- think innovatively about the role of government in society;
- take decisions collectively as a Government, led by the Public Expenditure Committee of senior Cabinet Ministers appointed by the Prime Minister and chaired by the Chancellor to advise the Cabinet on the high-level decisions that need to be taken; and
- consult widely with experts and the wider public, to get their ideas
The Government has said that its approach to these tough choices will be guided by the principles of freedom, fairness and responsibility. It has also said that these choices should be supported by new and radical approaches to the provision of public services.
In addition, the Government appointed an Independent Challenge Group (ICG) of Civil Service leaders, complemented external experts, to bring independent challenge to the Spending Review process. The group will have a remit to think innovatively about the options for reducing public expenditure and balancing priorities to minimise the impact on public services.
How have you consulted with the public and what difference can the public make to the Spending Review?
The Government launched the Spending Challenge to give public sector workers and the general public the opportunity to submit their ideas on how government could get more for less and tackle the deficit. Three of the ideas are already being taken forward.
What is the process for determining departmental settlements?
At Spending Review 2010 decisions will be made collectively by the Government. Leading the collective approach is a Committee of senior Cabinet Ministers, called the Public Expenditure (PEX) Committee. This is sometimes referred to as the Star Chamber.
The PEX Committee will advise the Cabinet on the high level decisions that will be taken in the Spending Review.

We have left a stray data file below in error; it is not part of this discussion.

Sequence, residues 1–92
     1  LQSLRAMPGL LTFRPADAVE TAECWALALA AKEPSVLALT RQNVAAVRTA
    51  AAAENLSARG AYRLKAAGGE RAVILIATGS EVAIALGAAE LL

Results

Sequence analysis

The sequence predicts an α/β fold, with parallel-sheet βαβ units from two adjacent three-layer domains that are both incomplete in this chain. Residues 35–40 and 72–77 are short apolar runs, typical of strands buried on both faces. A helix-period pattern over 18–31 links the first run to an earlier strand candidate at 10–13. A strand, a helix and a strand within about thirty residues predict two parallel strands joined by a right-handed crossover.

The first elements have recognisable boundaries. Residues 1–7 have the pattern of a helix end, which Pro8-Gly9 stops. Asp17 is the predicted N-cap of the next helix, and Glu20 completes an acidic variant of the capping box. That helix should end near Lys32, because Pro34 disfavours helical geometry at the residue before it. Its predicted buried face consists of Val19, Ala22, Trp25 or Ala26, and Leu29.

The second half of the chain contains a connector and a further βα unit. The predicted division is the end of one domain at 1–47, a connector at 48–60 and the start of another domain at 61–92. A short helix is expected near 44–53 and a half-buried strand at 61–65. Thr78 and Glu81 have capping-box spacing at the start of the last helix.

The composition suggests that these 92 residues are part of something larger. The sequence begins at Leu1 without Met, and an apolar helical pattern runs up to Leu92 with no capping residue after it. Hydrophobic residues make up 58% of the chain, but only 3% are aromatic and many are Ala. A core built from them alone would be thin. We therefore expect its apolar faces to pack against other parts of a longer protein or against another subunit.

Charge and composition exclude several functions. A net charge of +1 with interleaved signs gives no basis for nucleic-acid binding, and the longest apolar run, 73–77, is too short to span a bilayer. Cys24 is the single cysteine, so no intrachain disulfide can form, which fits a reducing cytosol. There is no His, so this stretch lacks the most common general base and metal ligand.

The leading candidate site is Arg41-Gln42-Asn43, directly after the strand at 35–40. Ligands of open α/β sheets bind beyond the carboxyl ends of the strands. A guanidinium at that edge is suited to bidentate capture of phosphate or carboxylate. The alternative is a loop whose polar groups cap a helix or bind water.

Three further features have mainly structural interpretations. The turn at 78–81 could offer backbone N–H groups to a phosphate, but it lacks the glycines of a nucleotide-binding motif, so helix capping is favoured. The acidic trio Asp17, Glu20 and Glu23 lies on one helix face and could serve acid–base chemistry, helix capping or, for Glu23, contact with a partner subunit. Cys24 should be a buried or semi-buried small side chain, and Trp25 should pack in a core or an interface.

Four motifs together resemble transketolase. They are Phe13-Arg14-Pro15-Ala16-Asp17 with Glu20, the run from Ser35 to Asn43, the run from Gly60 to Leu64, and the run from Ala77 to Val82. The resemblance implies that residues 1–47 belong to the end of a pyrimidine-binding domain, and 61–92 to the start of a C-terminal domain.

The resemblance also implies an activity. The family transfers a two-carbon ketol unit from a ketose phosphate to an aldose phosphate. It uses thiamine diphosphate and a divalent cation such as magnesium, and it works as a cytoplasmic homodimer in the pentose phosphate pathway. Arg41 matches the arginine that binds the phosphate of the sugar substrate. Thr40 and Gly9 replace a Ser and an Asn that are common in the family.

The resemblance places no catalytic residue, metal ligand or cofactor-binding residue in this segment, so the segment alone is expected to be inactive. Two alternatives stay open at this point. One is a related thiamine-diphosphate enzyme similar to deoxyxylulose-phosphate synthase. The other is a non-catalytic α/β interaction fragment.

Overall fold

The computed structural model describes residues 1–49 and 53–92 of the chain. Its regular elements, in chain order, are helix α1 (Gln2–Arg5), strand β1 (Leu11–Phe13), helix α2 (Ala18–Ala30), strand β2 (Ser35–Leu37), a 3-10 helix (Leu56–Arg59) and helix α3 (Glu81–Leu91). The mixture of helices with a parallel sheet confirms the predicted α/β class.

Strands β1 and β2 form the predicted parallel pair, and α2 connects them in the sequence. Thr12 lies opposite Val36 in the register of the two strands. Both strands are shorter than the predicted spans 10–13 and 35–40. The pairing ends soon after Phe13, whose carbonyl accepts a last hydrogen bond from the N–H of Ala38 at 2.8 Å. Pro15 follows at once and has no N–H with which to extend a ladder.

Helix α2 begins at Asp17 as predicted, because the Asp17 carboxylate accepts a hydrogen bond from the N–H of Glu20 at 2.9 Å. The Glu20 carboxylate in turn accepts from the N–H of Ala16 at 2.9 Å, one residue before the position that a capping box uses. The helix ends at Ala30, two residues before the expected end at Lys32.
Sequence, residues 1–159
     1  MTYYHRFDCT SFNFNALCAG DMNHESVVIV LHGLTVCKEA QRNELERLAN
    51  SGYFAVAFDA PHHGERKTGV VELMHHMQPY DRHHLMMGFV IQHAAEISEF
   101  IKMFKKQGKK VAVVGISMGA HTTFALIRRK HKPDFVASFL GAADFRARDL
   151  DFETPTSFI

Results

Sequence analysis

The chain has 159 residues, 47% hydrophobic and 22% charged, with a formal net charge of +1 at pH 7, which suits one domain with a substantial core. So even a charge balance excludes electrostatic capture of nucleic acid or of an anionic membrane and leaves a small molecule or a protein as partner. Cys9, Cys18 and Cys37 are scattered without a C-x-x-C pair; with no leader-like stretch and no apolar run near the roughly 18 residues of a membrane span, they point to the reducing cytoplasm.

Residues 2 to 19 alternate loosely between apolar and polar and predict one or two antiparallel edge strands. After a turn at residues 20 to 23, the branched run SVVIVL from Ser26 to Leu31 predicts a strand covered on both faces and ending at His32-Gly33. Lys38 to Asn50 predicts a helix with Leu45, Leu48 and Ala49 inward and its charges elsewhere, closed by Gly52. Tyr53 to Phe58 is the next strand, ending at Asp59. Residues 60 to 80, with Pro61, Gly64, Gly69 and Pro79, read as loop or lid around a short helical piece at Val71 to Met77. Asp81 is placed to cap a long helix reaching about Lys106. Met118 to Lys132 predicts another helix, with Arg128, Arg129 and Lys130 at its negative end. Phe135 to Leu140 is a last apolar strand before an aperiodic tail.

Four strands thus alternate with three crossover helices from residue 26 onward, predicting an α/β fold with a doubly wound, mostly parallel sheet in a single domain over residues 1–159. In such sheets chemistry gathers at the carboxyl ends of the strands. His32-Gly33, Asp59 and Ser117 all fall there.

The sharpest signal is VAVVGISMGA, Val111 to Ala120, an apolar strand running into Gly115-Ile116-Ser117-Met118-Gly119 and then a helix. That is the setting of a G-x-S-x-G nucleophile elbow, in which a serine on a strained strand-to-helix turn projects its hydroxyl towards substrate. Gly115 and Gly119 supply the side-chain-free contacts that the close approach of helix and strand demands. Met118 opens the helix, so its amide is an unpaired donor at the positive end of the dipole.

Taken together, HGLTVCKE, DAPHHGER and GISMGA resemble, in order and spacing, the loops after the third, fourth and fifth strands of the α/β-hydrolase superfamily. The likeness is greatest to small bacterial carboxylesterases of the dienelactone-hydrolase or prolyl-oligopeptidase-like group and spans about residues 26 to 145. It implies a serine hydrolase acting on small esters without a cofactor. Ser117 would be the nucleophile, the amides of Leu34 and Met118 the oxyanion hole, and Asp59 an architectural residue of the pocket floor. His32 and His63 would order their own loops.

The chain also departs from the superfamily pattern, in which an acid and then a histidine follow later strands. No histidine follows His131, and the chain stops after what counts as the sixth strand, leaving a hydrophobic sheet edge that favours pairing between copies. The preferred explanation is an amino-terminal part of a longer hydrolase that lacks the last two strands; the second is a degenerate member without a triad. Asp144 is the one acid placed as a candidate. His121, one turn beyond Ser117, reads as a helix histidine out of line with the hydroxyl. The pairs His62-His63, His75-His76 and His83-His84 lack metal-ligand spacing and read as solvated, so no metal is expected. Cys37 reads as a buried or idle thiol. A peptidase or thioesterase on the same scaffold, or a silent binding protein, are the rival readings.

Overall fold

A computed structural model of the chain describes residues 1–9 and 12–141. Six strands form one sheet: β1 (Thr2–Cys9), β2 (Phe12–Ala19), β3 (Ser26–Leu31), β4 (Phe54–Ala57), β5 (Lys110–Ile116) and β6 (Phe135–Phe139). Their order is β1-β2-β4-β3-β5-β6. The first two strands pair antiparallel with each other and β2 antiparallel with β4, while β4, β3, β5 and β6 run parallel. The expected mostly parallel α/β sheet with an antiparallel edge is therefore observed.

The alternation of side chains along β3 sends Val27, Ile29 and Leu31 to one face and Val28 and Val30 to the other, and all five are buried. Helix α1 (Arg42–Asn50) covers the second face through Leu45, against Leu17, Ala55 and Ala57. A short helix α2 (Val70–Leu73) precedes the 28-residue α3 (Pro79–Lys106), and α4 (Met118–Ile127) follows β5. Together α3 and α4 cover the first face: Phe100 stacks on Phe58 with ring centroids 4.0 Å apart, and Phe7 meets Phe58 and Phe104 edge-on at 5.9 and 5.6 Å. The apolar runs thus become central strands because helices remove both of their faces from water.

Throughout the process of preparing the Spending Review, PEX Committee meetings will be supplemented by discussions between departments and the Treasury.
A Permanent Secretaries Spending Review Group also meet to build the Government’s understanding of the issues, ensuring support for the overall principles and approach and discussing cross-cutting issues.
What is a Star Chamber?
The Star Chamber takes its name from an English court of law established in the 15th century in the Palace of Westminster. The court took its name from the room in which the court met.
The court was initially intended to bring prominent and powerful people to justice, where ordinary courts could not.
The term Star Chamber was used again in the 1980s for meetings between senior departmental Ministers and the Treasury to resolve spending issues.
Who are the members of the Public Expenditure (PEX) Committee / Star Chamber?
Where can I find additional information on the Spending Review?
The Chancellor set out the Government’s approach to the Spending Review on 8 June 2010. The accompanying document, The Spending Review Framework sets out details of the Government’s strategy for delivering the Spending Review.